The UN Committee on the Convention against Torture in Geneva (the “Committee”) has dismissed arguments made by Ireland that complaints made by a victim of the Magdalene Laundries to the Committee were inadmissible.
Elizabeth Coppin was incarcerated and subjected to forced labour in three Magdalene Laundries from 1964 to 1968, from the ages of 14-18. Following repeated attempts to bring her case to court in Ireland, she communicated a complaint to the Committee in 2018 (which was covered by the New York Times here).
Her complaint alleges a number of failures by the Irish state, including that it has:
Ireland objected to the admissibility of Mrs Coppin’s complaint under article 22 of the Convention against Torture, putting forward a raft of arguments pursuant to which, it said, the Committee did not have jurisdiction. Those arguments included arguments that the complaint was inadmissible:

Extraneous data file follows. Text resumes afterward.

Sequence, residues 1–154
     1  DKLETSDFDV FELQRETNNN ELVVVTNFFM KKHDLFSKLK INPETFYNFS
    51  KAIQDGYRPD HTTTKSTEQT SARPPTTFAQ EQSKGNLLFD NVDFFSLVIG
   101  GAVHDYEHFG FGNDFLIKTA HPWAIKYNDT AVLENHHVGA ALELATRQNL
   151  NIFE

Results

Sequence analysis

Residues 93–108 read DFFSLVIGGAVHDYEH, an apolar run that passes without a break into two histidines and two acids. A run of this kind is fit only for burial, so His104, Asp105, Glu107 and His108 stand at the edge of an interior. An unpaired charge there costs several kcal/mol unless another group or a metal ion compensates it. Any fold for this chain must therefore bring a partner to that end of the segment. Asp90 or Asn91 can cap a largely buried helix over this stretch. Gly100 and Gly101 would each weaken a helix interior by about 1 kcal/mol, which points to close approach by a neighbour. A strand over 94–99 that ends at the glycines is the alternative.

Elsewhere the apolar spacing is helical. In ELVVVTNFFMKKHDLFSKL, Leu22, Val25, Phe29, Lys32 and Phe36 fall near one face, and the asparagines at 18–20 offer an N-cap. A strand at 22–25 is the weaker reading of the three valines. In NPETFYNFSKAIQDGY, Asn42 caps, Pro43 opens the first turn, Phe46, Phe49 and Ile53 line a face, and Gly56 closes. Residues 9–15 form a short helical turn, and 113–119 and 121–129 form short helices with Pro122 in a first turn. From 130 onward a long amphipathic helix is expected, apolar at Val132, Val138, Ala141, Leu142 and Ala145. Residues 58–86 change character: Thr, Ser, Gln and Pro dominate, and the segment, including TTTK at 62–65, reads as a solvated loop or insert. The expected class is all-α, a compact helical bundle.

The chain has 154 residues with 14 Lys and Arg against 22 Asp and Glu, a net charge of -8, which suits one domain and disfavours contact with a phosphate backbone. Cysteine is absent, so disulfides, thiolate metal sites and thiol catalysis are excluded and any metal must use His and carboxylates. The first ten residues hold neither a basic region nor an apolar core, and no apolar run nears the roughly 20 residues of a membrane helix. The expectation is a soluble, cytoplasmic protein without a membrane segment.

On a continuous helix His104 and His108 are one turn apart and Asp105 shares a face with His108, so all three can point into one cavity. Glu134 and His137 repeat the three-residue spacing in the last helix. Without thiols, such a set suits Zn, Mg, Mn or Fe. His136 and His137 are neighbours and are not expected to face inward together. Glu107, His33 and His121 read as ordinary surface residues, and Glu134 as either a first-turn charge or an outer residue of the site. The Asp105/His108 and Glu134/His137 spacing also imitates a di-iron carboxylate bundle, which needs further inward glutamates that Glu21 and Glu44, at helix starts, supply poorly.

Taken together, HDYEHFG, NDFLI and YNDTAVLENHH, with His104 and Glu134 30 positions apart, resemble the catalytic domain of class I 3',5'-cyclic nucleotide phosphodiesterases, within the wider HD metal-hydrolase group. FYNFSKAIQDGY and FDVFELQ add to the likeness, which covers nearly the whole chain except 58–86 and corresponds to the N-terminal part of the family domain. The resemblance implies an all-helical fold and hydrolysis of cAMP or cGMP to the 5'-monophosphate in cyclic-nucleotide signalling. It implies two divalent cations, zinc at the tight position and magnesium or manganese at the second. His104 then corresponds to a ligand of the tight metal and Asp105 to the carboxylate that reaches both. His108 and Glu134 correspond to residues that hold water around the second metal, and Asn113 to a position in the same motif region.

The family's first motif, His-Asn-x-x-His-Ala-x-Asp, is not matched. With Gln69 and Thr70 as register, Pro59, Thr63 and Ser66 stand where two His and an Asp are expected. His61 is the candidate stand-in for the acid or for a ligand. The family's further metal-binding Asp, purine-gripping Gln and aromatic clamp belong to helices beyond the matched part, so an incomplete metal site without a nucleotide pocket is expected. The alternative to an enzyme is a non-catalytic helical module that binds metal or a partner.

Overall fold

As reported today in the Irish Times, the Committee has, following submissions from the parties, rejected Ireland’s submissions in their entirety. Its decision affirms the rights of victims of historic abuse to bring cases before international treaty bodies where insufficient action has taken place following the ratification of the relevant conventions. Of particular note is the Committee’s conclusion that a domestic waiver to secure payment cannot preclude victims of torture and ill-treatment from accessing international mechanisms of justice.
Jennifer MacLeod is instructed by Abbey Law (with assistance from Hogan Lovells) as junior counsel for Mrs Coppin.